When the Persian had produced all these things, he said, "All this, sir, with the animals you have seen, my lord, the Sultan of Persia has sent to you, because of the fame of your goodness, and he asks you to accept it for love of him." The Cid thanked him, and said he would do him more honor than he had ever yet done to any one. He embraced him in the name of the Sultan, and asked if there was anything among these presents that had belonged to the Sultan that he might give it a kiss of honor, according to their custom, for he knew that his master was one of the noblest men in the world. This great courtesy of the Cid rejoiced the Persian, and he saw how noble a man he was. Then the Persian said: "Sir Cid, if you were before my master, he would give you the head of his horse to eat; but as this is not your custom, I give you my living horse, which is one of the best horses of Syria, and do you give order that he be taken in honor of my lord, the Sultan, and he will be better than his head would be, boiled. I kiss your hand, sir, and hold myself a more honored man than I have ever been before." The Cid accepted the horse and gave his hand to be kissed, and then he called for the governor and bade him take the kinsman of the Sultan and lodge him in the Garden, and honor him as he would himself.

Great honor was done to this man, even as if he had been the Cid himself. When the governor and the Persian had eaten together, the stranger asked what manner of man the Cid was. The governor told him that the Cid was the bravest man in the world and the best knight, and one whose word never failed, and the best friend to his friend, and to his enemy the most deadly foe; that he was merciful to the vanquished and thoughtful and wise in all that he did, and that his face was one that no man could see for the first time without fear. "And this," said the governor, "I have many times observed; for when any messengers of the Moors come before him, they are so abashed that they do not know where they are." After the Persian heard this, he called to mind how it had been with him; and he said to the governor that as they were both Mahometans he asked him to keep secret what he would say, and he would tell his own experience; and this the governor promised, and he said that when he first saw the Cid he for a long time was not able to speak, and he thought this power was given him of God so that none of his enemies might behold his face without fear. After the Persian had said this, the governor saw that he was a man of understanding, and he asked him if he would answer him a question; and the governor asked why the Sultan had sent so great a present to the Cid, and why he desired his friendship when he lived so far away.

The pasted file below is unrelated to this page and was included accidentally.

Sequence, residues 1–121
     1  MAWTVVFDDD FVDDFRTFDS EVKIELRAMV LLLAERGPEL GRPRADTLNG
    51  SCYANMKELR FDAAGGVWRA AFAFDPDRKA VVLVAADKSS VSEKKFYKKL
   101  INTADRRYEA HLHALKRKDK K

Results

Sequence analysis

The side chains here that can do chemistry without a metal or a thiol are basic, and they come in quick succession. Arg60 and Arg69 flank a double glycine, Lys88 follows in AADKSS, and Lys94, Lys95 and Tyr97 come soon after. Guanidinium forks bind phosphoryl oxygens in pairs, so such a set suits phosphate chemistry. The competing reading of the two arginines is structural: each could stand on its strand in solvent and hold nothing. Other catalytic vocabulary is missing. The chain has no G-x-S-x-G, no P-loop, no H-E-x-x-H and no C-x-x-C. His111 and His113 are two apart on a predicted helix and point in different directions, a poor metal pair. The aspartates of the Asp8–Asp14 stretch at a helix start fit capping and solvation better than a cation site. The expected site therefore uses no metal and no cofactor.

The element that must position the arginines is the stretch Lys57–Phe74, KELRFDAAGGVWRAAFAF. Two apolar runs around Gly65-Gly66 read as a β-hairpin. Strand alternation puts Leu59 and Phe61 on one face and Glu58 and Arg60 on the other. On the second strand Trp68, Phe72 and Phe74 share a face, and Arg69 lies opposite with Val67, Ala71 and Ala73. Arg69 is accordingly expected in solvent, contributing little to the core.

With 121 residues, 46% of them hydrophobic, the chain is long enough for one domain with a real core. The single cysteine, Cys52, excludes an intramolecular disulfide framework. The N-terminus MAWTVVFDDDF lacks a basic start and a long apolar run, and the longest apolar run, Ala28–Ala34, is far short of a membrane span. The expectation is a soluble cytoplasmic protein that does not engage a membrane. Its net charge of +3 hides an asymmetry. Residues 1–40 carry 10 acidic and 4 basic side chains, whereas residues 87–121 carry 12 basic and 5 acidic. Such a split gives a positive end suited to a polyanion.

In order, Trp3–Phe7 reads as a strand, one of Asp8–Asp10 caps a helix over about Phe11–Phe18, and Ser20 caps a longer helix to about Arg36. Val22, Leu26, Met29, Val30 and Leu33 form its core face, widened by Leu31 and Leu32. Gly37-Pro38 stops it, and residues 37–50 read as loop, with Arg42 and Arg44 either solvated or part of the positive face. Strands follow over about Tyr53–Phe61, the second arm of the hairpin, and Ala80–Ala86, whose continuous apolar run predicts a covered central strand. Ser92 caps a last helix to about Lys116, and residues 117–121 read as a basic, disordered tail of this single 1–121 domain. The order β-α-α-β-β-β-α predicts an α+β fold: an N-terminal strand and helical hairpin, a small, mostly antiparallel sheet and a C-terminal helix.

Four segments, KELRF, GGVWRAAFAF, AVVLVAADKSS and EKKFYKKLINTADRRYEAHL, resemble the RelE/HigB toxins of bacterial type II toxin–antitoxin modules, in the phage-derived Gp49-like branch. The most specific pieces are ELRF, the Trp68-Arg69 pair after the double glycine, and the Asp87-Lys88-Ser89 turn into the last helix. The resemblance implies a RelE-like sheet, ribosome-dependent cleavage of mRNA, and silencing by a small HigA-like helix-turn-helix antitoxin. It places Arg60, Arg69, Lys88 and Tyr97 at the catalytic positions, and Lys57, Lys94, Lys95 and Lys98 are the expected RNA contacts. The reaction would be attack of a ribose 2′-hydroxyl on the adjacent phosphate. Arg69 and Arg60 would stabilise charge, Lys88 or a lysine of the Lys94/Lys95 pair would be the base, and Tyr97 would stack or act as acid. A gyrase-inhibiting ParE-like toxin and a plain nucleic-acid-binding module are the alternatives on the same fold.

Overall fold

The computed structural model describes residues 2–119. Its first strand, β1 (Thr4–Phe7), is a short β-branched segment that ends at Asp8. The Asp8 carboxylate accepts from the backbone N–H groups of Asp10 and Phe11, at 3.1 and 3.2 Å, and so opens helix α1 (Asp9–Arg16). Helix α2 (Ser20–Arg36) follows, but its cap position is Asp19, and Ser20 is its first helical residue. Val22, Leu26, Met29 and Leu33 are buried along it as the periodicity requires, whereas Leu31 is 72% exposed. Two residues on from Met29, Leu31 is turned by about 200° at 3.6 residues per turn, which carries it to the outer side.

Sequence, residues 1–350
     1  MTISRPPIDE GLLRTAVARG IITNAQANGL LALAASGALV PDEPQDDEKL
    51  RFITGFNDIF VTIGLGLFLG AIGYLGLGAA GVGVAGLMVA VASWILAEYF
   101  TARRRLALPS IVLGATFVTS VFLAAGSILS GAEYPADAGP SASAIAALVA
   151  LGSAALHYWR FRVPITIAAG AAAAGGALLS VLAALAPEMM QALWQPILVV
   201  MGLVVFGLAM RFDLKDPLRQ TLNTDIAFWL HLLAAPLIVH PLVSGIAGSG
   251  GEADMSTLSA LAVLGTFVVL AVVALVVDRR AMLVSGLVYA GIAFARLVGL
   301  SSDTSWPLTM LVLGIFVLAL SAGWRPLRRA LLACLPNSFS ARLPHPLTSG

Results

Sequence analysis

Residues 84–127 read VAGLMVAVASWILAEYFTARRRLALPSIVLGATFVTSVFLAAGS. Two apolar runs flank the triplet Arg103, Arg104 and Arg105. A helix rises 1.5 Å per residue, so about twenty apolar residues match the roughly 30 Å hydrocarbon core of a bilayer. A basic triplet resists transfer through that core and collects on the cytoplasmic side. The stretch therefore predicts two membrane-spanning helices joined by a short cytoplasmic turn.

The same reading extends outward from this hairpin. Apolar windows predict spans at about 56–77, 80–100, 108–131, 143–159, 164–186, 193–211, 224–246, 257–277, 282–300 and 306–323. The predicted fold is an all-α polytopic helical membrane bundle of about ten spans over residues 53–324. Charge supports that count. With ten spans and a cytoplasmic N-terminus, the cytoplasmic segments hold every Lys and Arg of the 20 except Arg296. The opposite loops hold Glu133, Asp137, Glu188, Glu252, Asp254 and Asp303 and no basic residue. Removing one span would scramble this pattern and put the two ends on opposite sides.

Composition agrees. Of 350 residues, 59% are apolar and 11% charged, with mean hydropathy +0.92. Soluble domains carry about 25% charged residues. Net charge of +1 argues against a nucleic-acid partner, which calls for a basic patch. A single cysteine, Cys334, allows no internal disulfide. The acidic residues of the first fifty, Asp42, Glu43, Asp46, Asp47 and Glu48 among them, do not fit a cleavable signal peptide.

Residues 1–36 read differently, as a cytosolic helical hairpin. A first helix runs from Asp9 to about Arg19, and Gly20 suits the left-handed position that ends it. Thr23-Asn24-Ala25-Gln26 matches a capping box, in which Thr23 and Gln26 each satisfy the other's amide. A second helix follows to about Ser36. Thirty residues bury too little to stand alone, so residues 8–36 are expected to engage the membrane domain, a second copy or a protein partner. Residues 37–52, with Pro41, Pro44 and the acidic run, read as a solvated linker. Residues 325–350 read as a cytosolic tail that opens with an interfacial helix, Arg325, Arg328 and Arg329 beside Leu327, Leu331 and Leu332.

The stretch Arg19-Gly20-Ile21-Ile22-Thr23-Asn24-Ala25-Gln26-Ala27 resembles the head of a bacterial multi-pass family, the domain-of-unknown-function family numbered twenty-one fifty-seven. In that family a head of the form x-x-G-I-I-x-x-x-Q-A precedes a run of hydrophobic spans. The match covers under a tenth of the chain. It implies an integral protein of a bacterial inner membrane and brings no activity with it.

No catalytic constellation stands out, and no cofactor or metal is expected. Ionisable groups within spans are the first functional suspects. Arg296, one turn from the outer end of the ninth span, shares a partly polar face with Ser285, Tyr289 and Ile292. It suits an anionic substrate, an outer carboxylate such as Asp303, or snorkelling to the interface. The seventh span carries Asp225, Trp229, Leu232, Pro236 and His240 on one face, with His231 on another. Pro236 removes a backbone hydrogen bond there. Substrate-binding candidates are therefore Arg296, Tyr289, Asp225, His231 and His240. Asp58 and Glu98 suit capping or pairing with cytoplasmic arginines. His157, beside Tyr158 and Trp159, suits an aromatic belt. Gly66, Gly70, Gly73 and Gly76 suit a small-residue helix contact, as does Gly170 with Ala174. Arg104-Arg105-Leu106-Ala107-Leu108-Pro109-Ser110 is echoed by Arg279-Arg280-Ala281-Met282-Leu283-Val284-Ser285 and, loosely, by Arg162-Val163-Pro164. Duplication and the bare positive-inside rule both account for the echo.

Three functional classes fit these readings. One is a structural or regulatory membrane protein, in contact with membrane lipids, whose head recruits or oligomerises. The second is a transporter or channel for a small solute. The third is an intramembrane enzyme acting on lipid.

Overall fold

Now the Persian thought the governor wished to find out the state of his master's country, and that the Cid had told him to do this. And he made answer that the great renown of the Cid had moved his master to do this. But the governor said he thought there must have been some other motive. And the Persian saw that the governor understood him, and wished to know the whole matter; and he said he would tell him if he would keep it secret, and the governor promised that he would do this. Then he told him that a great Crusade had gone forth from Europe and had won Antioch, and now lay before Jerusalem. And the Sultan was afraid that the crusaders would take his country. The Sultan having heard of the greatness of the Cid, and thinking he would join the Crusade, wished to have his friendship. Then the governor said he believed this to be the truth.